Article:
We believe the results of this review will inform clinicians, patients, and health care providers of the best available evidence about the impact of frailty in patients undergoing orthopedic procedures. We also expect that our findings will fill certain gaps as well as trigger further research to enhance clinical decision-making with a focus on patient-important outcomes.
To the best of our knowledge, this review is anticipated to be the first to (1) describe and critique the tools which are used to assess the frailty in patients undergoing orthopedic surgery and the quality of evidence for their use, (2) investigate the association between frailty and patient outcomes, and (3) recognize patient factors associated with frailty in patients undergoing orthopedic surgery. The strength of our study lies in the nature of systematic review and meta-analysis study types, which adhere to established eligibility criteria, predefine outcomes, and incorporate multiple independent reviewers to minimize bias and increase reproducibility.
The conclusions of this study will be limited by the number and quality of studies included. There may be heterogeneity caused by differences in the study populations, interventions, and outcome measures.
This systematic review and meta-analysis will provide an overview of frailty and investigate the relationship between frailty and outcomes and the relationship between patient factors and frailty in patients undergoing orthopedic surgery. This study could potentially increase patients’ awareness of the outcomes associated with frailty, compel clinical specialties to embrace the concept of frailty, and enhance the development of assessment instruments and tools.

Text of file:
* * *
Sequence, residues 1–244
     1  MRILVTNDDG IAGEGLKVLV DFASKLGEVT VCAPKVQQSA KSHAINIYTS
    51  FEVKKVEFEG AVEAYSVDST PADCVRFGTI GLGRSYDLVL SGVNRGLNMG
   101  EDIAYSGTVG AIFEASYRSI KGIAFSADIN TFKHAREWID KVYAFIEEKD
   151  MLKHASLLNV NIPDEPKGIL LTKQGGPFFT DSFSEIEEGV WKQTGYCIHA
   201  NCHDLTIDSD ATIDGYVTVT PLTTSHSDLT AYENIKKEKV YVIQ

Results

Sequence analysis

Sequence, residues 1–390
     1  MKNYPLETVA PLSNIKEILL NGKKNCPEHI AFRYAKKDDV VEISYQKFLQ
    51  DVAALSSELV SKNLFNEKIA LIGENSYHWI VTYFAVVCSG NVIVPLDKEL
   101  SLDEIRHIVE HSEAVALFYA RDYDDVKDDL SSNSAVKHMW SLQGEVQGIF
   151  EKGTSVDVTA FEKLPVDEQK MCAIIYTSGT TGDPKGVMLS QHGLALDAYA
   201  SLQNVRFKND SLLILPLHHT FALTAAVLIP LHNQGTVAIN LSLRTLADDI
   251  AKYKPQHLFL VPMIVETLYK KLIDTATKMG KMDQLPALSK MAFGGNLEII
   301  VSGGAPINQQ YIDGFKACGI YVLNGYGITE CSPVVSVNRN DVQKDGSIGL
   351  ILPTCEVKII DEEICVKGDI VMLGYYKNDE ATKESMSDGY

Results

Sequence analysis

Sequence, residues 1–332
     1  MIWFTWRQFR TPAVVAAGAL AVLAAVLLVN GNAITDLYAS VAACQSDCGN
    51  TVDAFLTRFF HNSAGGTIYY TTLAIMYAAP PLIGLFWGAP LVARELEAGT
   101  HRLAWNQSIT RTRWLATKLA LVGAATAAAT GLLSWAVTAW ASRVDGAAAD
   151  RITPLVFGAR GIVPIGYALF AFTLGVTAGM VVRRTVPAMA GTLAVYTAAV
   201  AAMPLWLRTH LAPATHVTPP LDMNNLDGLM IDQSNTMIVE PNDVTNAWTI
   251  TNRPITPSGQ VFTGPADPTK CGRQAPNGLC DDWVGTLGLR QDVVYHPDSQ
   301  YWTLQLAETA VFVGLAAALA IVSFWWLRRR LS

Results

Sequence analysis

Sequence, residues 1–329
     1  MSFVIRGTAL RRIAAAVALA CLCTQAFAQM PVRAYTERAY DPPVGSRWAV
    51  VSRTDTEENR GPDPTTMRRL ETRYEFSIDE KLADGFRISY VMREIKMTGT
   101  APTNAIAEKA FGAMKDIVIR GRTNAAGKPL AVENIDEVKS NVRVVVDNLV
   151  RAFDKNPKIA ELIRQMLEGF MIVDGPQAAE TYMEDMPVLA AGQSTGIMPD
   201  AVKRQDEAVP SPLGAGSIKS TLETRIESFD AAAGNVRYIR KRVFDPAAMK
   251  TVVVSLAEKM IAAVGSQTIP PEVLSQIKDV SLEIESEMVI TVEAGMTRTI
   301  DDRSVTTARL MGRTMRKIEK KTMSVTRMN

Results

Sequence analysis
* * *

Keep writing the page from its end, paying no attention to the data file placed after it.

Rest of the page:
This work was supported by the National Key Research and Development Program of China (Grant 2019YFC0840705).
All authors contributed to the conception of the study. The search strategy and manuscript and data extraction tool were devised by DW and revised by PY.
Conflicts of Interest
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|GRADE: Grading of Recommendations Assessment, Development, and Evaluation|
|NOS: Newcastle-Ottawa Scale|
|PRISMA-P: Preferred Reporting Items for Systematic Review and Meta-analysis Protocols|
|PROSPERO: Prospective Register of Systematic Reviews|
|ROBINS-E: Risk of Bias in Nonrandomized Studies of Exposures|
Edited by G Eysenbach; submitted 05.03.21; peer-reviewed by M Perez-Zepeda, K Liu; comments to author 10.11.21; revised version received 05.01.22; accepted 23.01.22; published 15.04.22Copyright
©Duanyang Wang, Pengbin Yin, Yi Li, Ming Chen, Xiang Cui, Shi Cheng, Yuan Lin, Jinglong Yan, Licheng Zhang, Peifu Tang. Originally published in JMIR Research Protocols (https://www.researchprotocols.org), 15.04.2022.